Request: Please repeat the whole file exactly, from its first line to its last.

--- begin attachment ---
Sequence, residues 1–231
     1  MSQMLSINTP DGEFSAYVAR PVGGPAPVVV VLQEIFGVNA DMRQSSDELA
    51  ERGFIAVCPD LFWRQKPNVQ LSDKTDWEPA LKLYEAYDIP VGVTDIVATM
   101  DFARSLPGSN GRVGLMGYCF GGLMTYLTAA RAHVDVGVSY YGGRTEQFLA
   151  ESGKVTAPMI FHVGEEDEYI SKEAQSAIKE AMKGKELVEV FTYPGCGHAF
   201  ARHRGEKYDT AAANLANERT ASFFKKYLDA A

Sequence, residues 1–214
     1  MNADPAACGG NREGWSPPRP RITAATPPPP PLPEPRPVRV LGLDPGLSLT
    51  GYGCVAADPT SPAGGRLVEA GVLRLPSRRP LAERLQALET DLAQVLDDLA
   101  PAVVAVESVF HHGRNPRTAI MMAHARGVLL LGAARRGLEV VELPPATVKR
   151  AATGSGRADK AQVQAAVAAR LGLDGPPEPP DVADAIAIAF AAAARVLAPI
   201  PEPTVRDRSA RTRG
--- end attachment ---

Sequence, residues 1–231
     1  MSQMLSINTP DGEFSAYVAR PVGGPAPVVV VLQEIFGVNA DMRQSSDELA
    51  ERGFIAVCPD LFWRQKPNVQ LSDKTDWEPA LKLYEAYDIP VGVTDIVATM
   101  DFARSLPGSN GRVGLMGYCF GGLMTYLTAA RAHVDVGVSY YGGRTEQFLA
   151  ESGKVTAPMI FHVGEEDEYI SKEAQSAIKE AMKGKELVEV FTYPGCGHAF
   201  ARHRGEKYDT AAANLANERT ASFFKKYLDA A

Sequence, residues 1–214
     1  MNADPAACGG NREGWSPPRP RITAATPPPP PLPEPRPVRV LGLDPGLSLT
    51  GYGCVAADPT SPAGGRLVEA GVLRLPSRRP LAERLQALET DLAQVLDDLA
   101  PAVVAVESVF HHGRNPRTAI MMAHARGVLL LGAARRGLEV VELPPATVKR
   151  AATGSGRADK AQVQAAVAAR LGLDGPPEPP DVADAIAIAF AAAARVLAPI
   201  PEPTVRDRSA RTRG